I’ve been promoted! Now what?
Set expectations…for yourself and others
Request a meeting with your new manager to learn what is expected of you over the first 30, 60 and 90 days on the job. If you’re successful during these time periods, what will you have learned or accomplished? Use this information to set goals for yourself over the same time period. Run similar meetings with your new direct reports to set your expectations of them.
Consider the runners-up
There may be one or more people in your group who were vying for the same role. Look for opportunities where you allow this person to leverage their strengths and areas of expertise. The worst thing you can do is undervalue what your colleague can bring to the table. If a colleague is resentful, their behavior will usually catch up with them. Be friendly and professional, but don’t forget to watch your back.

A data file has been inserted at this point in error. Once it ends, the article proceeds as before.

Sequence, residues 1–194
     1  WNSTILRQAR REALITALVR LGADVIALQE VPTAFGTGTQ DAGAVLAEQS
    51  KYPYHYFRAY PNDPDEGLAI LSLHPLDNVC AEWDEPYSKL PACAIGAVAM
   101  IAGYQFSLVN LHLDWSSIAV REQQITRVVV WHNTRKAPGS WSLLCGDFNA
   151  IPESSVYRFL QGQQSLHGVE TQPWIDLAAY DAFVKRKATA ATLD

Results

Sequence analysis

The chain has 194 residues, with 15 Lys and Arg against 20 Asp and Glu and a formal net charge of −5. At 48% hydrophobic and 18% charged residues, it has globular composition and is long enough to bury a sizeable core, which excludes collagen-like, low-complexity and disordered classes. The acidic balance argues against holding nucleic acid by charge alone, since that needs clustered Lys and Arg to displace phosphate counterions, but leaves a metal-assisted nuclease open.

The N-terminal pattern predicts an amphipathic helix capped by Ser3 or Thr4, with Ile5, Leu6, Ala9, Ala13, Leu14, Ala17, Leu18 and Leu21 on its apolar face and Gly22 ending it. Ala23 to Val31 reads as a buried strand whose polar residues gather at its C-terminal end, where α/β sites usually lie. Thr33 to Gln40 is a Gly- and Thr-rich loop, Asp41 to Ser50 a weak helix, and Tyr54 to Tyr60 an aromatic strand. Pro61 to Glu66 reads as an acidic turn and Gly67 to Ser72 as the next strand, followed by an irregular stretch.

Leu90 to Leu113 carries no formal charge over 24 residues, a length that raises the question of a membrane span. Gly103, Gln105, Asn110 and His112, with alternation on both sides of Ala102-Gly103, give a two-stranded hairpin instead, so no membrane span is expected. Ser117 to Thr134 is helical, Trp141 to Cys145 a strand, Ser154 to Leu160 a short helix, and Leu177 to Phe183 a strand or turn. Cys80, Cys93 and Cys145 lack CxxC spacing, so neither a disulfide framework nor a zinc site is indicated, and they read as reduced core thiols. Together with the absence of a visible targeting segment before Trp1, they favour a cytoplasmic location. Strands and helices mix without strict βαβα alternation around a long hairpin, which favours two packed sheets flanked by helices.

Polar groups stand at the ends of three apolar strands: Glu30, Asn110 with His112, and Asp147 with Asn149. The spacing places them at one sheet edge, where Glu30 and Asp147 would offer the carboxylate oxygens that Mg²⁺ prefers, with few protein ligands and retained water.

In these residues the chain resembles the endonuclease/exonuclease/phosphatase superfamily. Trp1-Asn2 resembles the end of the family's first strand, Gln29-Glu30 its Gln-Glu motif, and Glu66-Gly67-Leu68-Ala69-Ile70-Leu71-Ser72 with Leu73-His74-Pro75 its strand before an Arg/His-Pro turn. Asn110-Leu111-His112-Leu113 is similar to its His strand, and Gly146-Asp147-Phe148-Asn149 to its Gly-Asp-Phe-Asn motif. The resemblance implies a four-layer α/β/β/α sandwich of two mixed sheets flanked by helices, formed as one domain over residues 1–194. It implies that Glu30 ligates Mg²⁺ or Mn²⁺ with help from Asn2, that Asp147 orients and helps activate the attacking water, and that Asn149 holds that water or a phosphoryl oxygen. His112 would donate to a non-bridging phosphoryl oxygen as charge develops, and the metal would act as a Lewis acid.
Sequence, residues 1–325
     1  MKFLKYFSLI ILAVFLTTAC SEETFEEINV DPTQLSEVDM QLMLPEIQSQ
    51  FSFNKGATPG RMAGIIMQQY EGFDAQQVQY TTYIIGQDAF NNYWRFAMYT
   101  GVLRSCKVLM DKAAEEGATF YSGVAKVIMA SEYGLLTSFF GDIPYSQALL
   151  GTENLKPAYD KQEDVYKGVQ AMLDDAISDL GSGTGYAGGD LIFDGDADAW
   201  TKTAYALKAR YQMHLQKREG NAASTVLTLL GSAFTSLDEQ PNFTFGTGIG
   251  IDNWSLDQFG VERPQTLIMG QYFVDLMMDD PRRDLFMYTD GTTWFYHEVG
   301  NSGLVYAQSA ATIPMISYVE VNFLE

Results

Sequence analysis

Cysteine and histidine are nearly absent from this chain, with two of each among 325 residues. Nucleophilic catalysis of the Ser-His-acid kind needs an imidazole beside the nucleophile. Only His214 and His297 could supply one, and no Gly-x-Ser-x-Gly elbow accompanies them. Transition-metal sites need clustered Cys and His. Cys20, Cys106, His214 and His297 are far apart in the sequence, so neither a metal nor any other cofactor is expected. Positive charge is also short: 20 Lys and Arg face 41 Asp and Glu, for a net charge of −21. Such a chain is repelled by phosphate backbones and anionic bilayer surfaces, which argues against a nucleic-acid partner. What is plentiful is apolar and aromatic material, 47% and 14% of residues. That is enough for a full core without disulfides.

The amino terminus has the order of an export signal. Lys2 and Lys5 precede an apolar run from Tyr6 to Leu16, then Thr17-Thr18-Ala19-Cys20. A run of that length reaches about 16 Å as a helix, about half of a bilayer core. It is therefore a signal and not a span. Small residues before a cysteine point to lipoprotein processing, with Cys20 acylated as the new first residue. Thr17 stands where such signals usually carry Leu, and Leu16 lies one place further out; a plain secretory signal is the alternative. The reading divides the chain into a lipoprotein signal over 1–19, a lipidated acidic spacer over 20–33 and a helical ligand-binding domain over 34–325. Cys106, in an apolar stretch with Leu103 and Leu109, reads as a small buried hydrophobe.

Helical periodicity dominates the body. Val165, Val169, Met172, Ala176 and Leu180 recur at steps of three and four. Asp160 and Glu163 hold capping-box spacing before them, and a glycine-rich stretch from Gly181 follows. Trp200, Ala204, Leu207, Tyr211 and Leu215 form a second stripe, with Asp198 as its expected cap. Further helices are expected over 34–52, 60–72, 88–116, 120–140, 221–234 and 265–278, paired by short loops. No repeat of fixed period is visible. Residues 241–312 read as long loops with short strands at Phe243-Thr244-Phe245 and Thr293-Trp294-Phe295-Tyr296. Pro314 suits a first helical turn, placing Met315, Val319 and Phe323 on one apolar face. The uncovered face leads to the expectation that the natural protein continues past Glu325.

Break bread with your team
A leader is only as good as the team behind him or her. Take your direct reports out for lunch and schedule one-on-one meetings to get to know each individual’s strengths, weaknesses, skill set and personality. The better you understand each individual, the easier it will be for you to form a strong, high-performing team.
Make friends with peers
Similar to a job search, it’s important to conduct informational interviews with your new colleagues. These conversations will help you understand the unwritten rules of your new role and get up to speed with current projects, and teach you the best ways to work with your new boss.
Become a sponge
Spend time at the beginning of your tenure absorbing everything you can. Join as many meetings as possible to learn the lay of the land, and be prepared to ask a lot of questions. If you plan on making big changes, you must first earn the team’s trust. Win them over by taking the time in the beginning to learn how things are done and why, so that when it’s time to make changes, you can build a strong argument that your colleagues will support.
Taking on a new role is bound to have some challenges. Utilize these tips to transition into your new management position as smoothly as possible.
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